Faced with an uncertain future in the U.S., ethanol proponents have mounted a public push north of the border, urging Canada to raise its own renewable-fuel levels for gasoline.
Environment and Climate Change Canada, the nation’s top environmental agency, is in the process of developing a new “Clean Fuel Standard,” a broad set of new regulations aimed at reducing carbon emissions and bringing cleaner-burning fuels to the pump. Part of the review includes taking a second look at the country’s renewable-fuels rule, which currently calls for an average of 5 percent ethanol by volume in gasoline.
By comparison, U.S. gasoline this year topped 10 percent ethanol on average for the first time.
American ethanol producers — which already have found Canada to be fertile ground for exports — say the Canadian government, if it’s serious about reducing carbon emissions, ought to seriously consider raising that 5 percent threshold to at least 10 percent.
“The U.S. ethanol industry applauds Canada’s desire to reduce the carbon intensity of its transportation fuel market, and we see our northern neighbor as a strong partner in renewable fuels expansion,” said Tom Sleight, president and CEO of the U.S. Grains Council, which works to find new export markets for American corn, grain, ethanol and other products.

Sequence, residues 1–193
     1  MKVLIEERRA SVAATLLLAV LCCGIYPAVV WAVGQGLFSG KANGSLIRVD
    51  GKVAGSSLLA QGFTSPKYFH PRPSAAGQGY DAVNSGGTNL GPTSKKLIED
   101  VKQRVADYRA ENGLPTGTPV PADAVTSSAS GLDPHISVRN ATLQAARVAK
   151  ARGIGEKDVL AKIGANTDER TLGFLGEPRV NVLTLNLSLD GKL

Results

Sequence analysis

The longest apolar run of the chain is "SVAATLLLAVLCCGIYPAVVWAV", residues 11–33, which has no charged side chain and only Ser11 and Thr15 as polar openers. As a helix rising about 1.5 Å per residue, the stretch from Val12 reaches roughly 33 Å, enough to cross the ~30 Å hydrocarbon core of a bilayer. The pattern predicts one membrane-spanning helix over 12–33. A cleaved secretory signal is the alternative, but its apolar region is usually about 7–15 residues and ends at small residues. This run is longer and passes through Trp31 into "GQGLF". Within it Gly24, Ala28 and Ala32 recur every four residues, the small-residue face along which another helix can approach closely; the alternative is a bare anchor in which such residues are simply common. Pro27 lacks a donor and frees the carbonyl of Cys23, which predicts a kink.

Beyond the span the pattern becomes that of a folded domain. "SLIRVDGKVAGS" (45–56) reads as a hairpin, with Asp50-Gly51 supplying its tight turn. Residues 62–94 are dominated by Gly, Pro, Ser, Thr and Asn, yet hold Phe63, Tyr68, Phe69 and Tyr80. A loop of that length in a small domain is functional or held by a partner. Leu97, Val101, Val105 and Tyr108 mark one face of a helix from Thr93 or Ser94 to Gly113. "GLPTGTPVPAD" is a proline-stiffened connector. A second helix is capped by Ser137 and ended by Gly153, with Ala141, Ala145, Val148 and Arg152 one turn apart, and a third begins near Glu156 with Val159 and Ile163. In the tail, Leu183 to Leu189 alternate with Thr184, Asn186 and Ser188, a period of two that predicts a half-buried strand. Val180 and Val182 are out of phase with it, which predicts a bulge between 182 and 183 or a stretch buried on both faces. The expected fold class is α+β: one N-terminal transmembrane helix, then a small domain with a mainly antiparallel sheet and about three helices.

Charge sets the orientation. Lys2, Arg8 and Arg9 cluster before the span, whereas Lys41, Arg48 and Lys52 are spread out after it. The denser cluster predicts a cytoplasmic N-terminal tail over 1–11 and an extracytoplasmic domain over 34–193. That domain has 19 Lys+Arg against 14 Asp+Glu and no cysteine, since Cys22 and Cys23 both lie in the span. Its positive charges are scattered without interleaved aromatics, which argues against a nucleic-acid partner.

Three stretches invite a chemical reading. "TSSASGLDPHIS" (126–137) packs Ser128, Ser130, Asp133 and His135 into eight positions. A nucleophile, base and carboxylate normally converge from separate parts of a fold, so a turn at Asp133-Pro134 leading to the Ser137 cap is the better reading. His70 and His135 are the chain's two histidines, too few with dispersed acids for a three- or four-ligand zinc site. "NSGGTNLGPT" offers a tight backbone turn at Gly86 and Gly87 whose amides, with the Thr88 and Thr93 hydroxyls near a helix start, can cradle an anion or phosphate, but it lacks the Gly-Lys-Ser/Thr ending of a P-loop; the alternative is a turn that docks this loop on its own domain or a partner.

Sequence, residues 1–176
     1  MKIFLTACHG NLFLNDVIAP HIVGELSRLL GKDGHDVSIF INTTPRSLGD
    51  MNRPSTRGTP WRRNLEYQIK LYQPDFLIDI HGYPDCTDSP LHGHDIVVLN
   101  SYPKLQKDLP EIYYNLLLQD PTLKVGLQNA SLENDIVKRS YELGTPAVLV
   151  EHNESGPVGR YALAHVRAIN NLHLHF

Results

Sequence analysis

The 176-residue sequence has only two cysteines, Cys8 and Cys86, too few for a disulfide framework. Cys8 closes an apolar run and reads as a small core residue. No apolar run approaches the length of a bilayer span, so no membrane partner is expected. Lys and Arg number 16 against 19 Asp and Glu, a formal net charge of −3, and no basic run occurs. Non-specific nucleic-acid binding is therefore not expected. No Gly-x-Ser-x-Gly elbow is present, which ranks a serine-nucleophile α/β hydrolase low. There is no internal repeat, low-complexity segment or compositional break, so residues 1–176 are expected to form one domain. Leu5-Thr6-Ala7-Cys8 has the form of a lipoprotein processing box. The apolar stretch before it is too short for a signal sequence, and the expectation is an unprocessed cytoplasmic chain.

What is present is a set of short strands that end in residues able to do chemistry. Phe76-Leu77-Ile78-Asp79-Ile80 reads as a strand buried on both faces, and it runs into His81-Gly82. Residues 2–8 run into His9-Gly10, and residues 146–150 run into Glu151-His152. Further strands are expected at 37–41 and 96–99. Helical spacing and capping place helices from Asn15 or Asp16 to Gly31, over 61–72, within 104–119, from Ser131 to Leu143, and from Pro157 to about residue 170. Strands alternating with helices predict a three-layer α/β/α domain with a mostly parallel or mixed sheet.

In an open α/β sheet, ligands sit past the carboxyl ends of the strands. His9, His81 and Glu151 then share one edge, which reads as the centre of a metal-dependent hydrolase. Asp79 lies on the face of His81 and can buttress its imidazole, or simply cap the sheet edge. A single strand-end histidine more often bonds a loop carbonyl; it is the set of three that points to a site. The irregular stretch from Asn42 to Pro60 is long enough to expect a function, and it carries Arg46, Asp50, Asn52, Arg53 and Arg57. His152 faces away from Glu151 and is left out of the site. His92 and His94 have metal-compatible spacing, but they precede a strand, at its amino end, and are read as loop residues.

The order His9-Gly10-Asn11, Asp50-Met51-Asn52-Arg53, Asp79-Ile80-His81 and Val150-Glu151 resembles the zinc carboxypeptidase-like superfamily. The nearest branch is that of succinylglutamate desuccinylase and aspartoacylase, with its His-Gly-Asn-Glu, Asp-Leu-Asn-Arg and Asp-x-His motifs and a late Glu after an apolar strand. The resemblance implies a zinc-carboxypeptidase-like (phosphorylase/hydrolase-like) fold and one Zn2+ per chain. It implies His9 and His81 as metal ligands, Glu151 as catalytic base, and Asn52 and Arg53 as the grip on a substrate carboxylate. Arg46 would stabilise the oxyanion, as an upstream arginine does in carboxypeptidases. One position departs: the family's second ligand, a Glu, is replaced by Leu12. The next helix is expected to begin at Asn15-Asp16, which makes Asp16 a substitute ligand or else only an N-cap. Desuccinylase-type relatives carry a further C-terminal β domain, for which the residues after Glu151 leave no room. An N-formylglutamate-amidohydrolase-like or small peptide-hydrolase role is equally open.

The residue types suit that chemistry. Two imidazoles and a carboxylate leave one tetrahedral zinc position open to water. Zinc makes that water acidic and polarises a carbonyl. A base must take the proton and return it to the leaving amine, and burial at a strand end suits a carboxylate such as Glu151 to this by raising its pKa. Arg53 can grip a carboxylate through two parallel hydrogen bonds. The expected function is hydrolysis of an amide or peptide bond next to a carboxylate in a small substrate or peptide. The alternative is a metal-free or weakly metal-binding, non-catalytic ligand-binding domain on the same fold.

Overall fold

“Our industry stands ready to ensure that the supplies Canada needs are available,” he added in a statement last week, after the council, the Renewable Fuels Association (RFA), and other pro-ethanol groups submitted formal comments to the Canadian government.
In addition to calling for widespread availability of E10 — gasoline with 10 percent ethanol and the most common blend available at American pumps — U.S. ethanol backers also said “regulatory barriers” should be removed to make it easier for producers to sell their goods in Canada.
The country already is the third-largest importer of American ethanol. The U.S. ethanol industry in March exported 127.8 million gallons of product, and 22.7 million gallons of that went to Canada, according to information from the RFA.
Moving forward, the Canadian government says ethanol mandates are under review but wouldn’t commit to forcing more of the fuel into gasoline supplies.